Over the course of four weeks, Penn Schoen Berland is polling for The Hill in 42 key toss-up races that will be critical in determining control of the U.S. House of Representatives. This project, accomplished by a team led by Mark Penn, founder of the firm, will help The Hill’s readers attain unique insight into the thinking of voters who will decide which party will likely control the next Congress.
Polling is divided into four weeks so that each week we conduct statistically significant polls in 10 to 12 different target races across the U.S. The first week is focused on districts with first-time incumbents, the second week on open-seat districts, the third week on districts with two-term lawmakers and the final week on districts with long-term incumbents.
In aggregate, each week of polling will consist of 4,000 to 4,800 respondents, which carries a margin of error of less than plus or minus 1.6 percent of the areas sampled that week.
The sample for each district undergoes two modes of randomization before calls are made. The composition of data is scrutinized for each district, and if necessary, key demographic information is adjusted based on information from past elections, current voter registration and census data.
When reading the results, it is also important to keep in mind what this project is not.
When aggregated, results will only represent the aggregate of likely voters in the particular swing districts tested each week. They will not represent a national sample, but a sample of a group of key battleground areas. For example, the samples will not include strongly Democratic or strongly Republican districts, which are unlikely to change party in November. They will likely contain many fewer minority voters, who often reside in those districts. The samples will only represent the opinions of those likely voters who reside in toss-up congressional districts that will have an impact on control of the House.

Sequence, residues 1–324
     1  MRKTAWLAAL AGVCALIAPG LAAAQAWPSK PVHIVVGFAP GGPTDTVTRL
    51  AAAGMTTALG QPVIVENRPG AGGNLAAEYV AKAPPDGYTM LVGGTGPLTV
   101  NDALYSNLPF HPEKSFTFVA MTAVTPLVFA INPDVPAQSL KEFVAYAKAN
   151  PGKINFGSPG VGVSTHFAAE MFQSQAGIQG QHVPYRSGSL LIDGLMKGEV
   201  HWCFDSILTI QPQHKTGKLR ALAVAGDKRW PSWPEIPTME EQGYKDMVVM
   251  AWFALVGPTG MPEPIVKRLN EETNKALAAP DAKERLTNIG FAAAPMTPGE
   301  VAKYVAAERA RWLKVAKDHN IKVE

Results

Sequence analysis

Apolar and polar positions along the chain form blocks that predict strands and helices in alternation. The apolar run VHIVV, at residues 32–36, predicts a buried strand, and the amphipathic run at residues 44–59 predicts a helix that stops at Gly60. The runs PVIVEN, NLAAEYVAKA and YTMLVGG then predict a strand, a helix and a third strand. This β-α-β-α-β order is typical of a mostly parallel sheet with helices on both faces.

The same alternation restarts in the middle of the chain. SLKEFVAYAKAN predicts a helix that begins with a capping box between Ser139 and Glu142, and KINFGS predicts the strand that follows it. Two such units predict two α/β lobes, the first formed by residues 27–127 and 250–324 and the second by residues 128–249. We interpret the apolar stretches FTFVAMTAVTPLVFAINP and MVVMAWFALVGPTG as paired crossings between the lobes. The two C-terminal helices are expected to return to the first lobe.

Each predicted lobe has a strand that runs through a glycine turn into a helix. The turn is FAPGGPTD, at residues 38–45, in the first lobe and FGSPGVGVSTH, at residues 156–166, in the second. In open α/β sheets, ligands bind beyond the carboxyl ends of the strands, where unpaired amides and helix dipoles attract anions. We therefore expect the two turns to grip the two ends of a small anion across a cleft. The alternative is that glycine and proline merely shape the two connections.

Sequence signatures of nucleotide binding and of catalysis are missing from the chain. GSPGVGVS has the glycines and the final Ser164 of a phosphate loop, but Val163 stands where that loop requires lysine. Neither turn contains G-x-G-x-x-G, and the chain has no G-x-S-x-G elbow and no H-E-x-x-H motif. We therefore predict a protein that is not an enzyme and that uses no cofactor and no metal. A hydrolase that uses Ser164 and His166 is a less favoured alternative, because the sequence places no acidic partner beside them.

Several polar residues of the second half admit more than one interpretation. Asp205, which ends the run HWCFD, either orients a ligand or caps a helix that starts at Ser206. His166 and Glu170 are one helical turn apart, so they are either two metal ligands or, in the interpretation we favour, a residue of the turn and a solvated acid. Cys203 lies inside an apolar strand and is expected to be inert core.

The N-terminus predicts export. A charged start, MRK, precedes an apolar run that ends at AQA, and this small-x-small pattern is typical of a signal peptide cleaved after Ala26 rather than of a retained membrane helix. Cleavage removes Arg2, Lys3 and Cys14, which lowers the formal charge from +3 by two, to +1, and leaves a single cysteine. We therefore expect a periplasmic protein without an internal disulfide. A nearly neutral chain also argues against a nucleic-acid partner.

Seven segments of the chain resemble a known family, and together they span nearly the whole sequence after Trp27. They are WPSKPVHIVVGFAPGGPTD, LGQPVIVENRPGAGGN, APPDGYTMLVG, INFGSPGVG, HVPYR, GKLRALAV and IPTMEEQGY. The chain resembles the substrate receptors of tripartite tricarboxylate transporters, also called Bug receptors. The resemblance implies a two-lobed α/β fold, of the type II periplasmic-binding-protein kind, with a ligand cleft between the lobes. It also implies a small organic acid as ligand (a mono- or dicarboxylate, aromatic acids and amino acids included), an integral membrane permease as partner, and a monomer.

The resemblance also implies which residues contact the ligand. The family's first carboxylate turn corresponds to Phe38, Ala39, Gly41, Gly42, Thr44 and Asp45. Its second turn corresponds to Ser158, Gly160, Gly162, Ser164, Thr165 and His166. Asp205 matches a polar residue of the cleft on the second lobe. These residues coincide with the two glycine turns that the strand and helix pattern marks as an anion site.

Additionally, we are polling only among likely voters who say they are definitely or probably voting in this November’s elections for Congress. This sample is therefore going to differ not only from the general population but also from overall registered voters in those states and also from the 2008 presidential election, in which turnout will likely end up being much higher.
Penn Schoen Berland
The Hill/ANGA 2010 Midterm